Specific pituitary vasopressin receptors involved in stress-induced ACTH secretion have been postulated for a long time. This hypothesis was recently confirmed by the cloning of a cDNA coding for a new subtype of vasopressin receptor, termed V3 or V1b (1, 2). This receptor belongs to the superfamily of seven transmembrane domain receptors coupled to G proteins. It is coupled to a Gq-like protein and activates phospholipase C. The pharmacological characteristics of the V3 receptor are different from the characteristics of the Via and V2 receptors. In humans, this receptor seems mainly expressed in the pituitary corticotrophs.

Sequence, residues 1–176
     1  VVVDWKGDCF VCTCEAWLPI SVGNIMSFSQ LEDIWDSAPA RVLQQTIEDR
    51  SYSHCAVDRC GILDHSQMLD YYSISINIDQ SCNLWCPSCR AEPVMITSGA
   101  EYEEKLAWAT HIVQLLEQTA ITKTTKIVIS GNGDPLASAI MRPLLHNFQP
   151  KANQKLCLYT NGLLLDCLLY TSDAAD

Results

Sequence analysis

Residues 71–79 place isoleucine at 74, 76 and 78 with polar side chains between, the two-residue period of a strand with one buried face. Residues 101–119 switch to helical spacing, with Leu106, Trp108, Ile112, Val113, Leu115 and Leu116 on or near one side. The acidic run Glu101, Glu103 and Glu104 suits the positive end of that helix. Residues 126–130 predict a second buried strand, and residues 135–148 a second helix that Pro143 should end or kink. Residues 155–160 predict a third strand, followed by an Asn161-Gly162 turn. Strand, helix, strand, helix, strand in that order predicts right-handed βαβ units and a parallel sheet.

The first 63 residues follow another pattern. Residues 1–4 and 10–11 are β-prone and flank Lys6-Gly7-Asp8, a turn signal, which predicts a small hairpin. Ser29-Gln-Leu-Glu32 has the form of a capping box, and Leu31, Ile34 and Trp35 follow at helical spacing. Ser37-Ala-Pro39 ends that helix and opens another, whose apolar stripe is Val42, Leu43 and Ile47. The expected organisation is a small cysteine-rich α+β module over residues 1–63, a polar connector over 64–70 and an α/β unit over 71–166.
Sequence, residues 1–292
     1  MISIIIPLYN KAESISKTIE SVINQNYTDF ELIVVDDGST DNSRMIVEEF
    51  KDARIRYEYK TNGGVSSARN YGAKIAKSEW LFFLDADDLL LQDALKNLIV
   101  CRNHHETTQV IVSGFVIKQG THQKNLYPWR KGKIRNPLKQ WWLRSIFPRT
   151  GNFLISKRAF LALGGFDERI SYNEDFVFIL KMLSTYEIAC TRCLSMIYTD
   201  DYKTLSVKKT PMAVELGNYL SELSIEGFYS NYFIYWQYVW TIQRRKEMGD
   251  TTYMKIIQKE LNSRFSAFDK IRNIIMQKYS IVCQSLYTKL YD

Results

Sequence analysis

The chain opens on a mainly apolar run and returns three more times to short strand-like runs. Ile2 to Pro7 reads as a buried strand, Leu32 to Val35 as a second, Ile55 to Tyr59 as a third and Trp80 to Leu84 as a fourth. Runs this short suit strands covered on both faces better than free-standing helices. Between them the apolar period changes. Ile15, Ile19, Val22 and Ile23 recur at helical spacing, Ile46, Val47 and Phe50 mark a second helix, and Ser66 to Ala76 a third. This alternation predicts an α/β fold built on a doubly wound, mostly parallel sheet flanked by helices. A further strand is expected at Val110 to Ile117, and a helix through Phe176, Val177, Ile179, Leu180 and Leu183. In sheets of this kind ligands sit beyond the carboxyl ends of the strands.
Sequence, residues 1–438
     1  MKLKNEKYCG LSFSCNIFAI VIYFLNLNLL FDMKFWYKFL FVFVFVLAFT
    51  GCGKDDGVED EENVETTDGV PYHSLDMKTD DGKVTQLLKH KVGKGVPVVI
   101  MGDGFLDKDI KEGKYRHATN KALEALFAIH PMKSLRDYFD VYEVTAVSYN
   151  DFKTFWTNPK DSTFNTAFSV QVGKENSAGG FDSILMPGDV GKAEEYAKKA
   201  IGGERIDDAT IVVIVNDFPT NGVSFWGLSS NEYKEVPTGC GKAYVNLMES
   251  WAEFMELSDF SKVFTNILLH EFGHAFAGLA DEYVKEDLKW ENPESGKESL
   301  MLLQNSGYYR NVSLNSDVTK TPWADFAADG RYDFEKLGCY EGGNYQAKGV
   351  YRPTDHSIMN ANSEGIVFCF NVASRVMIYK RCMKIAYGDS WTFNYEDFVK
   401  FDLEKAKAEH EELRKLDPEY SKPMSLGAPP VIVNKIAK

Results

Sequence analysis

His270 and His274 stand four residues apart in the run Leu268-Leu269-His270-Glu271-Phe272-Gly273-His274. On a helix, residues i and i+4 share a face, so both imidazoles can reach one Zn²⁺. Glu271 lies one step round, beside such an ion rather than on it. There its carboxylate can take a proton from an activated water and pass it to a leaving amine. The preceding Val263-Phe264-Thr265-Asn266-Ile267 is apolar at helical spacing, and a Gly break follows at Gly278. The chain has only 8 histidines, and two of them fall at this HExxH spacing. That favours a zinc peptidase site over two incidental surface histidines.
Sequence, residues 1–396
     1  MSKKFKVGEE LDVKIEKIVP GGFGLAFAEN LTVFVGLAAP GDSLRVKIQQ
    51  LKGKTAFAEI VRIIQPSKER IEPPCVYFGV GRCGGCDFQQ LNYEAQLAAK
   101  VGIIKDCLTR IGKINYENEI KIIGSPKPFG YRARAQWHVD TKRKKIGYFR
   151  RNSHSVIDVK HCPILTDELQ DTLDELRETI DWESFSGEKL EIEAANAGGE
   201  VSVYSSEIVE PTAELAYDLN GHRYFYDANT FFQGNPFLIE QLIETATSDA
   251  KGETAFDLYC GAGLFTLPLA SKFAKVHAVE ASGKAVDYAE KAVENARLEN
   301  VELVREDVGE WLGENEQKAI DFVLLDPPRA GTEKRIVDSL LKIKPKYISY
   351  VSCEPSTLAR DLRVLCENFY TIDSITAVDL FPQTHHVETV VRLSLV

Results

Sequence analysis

Various neuroendocrine tumors expressing the proopiomelanocortin (POMC) gene, such as bronchial carcinoids, small cell carcinomas of the lung (SCCL), pheochromocytomas, pancreatic carcinoids, medullary thyroid cancer and others are known to secrete ectopic ACTH and induce Cushing's syndrome. The bronchial carcinoids are usually highly differentiated and have a rather benign course. On the other hand,
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